Data For Improving Healthcare vs Data For Exasperating Healthcare Workers

Data For Improving Healthcare vs Data For Exasperating Healthcare Workers

20
SHARE

The phrase “healthcare data” either strikes fear and loathing, or provides understanding and resolve in the minds of administration, clinicians, and nurses everywhere. Which emotion it brings out depends on how the data will be used. Data employed as a weapon for purposes of accountability generates fear. Data used as a teaching instrument for learning inspires trust and confidence.

Not all data for accountability is bad. Data used for prescriptive analytics within a security framework, for example, is necessary to reduce or eliminate fraud and abuse. And data for improvement isn’t without its own faults, such as the tendency to perfect it to the point of inefficiency. But the general culture of collecting data to hold people accountable is counterproductive, while collecting data for learning leads to continuous improvement.

This isn’t a matter of eliminating what some may consider to be bad metrics. It’s a matter of shifting the focus away from using metrics for accountability and toward using them for learning so your hospital can start to collect data for improving healthcare.

Data for Accountability

Data for accountability is a regulatory requirement. It’s time consuming and can be less than perfect. But it has made a difference in some areas. Readmission and cancer rates are decreasing and patient satisfaction scores are increasing.

But an accountability model of results improvement places the focus on people rather than processes. This watchdog approach tends to make many people defensive, resistant to learning, and impedes continuous improvement. It initiates the cycle of fear, as first described by Scherkenbach (Figure 1), where fear of repercussion leads to denial and blame shifting, followed by other negative behaviors that continue to produce a culture of fear. Yet most errors that jumpstart this cycle are the result of flawed processes rather than flawed individuals.

cycle-of-fear

Figure 1: The Cycle of Fear (Scherkenbach, 1991).

Data for accountability can be not only punitive, but also detrimental toward improving outcomes. For example, a well-known CMS core measure is 30-day, all-cause, risk-standardized readmission rate following hospitalization for heart failure. In the process of complying with this metric, it’s possible that patients who should be back in the hospital are not being readmitted. In the process of hitting a metric for administering a beta-blocker therapy, it’s possible to obscure notes to ensure a favorable entry into a patient’s record.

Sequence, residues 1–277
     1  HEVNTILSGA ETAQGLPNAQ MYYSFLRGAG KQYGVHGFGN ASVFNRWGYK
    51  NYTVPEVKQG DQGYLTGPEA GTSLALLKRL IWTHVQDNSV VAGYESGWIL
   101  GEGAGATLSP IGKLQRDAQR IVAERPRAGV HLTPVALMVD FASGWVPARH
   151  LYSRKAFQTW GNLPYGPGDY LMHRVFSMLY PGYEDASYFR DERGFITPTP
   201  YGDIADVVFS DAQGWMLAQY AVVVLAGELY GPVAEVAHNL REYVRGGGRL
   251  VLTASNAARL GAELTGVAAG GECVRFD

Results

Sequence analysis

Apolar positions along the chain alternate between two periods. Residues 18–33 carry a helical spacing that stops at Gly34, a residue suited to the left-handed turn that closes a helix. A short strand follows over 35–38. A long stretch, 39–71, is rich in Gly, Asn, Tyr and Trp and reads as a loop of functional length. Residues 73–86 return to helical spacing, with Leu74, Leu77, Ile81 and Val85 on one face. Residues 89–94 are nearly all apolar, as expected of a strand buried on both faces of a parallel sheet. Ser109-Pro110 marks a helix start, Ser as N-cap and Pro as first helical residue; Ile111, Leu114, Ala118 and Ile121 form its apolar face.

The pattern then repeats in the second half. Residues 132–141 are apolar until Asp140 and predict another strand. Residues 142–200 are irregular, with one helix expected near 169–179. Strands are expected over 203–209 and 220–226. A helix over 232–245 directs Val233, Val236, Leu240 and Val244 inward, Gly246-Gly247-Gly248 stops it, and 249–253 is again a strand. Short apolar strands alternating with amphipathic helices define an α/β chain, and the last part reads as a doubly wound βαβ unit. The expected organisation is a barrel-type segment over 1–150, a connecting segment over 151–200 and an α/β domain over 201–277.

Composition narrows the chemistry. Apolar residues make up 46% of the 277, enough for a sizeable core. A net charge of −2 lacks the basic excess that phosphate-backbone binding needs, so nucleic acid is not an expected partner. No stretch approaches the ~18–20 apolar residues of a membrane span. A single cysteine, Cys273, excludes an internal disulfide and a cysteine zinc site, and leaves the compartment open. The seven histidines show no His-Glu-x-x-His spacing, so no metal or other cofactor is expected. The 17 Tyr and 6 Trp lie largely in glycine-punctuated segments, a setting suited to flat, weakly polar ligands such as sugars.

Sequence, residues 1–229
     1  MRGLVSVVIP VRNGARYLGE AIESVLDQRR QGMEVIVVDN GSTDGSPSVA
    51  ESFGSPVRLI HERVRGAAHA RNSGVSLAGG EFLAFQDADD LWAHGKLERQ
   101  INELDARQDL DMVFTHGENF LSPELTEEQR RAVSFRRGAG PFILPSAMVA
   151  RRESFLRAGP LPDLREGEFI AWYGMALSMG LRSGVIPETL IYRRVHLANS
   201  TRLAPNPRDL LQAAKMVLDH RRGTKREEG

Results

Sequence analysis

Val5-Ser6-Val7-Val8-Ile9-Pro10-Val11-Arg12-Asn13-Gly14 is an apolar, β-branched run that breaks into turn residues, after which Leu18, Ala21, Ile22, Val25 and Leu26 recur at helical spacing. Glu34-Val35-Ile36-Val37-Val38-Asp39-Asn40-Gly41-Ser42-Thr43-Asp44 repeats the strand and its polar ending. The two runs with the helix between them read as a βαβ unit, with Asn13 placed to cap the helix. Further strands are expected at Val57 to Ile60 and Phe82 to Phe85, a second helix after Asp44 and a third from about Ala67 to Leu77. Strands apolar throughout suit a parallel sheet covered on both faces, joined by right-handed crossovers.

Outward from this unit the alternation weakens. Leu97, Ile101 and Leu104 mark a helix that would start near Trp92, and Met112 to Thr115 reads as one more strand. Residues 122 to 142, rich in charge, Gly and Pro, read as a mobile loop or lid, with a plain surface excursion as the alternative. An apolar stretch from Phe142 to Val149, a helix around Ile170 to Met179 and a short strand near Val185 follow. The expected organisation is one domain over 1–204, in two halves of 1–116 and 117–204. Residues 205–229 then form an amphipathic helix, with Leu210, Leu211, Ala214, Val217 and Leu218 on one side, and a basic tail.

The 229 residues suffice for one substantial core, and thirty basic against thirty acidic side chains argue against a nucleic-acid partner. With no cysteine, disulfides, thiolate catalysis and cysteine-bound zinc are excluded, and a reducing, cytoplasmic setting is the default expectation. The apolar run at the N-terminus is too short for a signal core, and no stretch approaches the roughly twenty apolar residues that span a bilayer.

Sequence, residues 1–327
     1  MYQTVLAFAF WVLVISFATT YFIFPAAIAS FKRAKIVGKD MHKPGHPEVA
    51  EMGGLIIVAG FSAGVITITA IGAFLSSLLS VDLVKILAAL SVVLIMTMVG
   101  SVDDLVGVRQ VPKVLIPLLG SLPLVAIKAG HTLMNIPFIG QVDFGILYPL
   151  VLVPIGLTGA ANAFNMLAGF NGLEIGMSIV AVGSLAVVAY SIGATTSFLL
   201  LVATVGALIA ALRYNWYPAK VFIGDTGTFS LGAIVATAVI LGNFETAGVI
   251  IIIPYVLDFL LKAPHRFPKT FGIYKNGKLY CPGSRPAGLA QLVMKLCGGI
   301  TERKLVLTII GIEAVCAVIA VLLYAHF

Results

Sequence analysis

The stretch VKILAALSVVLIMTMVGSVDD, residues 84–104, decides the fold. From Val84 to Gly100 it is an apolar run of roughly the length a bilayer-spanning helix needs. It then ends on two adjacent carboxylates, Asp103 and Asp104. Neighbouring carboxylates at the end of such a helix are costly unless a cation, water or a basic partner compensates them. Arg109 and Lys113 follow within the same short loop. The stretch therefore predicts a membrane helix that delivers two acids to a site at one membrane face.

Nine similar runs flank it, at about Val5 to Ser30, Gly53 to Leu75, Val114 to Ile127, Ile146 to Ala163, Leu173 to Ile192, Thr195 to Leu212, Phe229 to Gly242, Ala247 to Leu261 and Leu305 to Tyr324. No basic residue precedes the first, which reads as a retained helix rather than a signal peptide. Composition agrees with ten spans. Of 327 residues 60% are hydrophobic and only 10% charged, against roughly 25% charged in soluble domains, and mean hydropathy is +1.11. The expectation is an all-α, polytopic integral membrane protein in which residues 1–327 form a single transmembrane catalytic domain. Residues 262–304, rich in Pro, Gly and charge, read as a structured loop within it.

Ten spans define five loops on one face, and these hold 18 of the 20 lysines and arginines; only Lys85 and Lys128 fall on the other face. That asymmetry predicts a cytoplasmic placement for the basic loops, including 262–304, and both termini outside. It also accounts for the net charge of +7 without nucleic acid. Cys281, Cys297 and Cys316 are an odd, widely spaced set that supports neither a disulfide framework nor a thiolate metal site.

Data collection for accountability is time consuming. According to a survey by Health Affairs, physician practices in four specialty areas spend more than 785 hours a year reporting on quality measures. Staff spends 12.5 hours and physicians spend 2.6 hours per week on this work. And when anticipating reward or punishment based on a metric, healthcare systems dwell excessively on data accuracy. A lot of effort goes into determining which patients should or should not be included in any given metric.

Deming and Over-Emphasis of Numbers

Deming said the right amount of effort focused on a process improves it. The right amount of focus means recognizing the many different factors that play into a number and learning what you can, but not over-emphasizing the importance of that number.

Too much focus sacrifices quality in other areas. For example, say there are five key factors that impact diabetes care, but only one is tied to an accountability report or a bonus metric. The other four factors may suffer because clinicians are focusing on the one key metric, rather than focusing on all five metrics that impact the patient’s health. This is sub-optimization, a negative attribute of collecting data for accountability.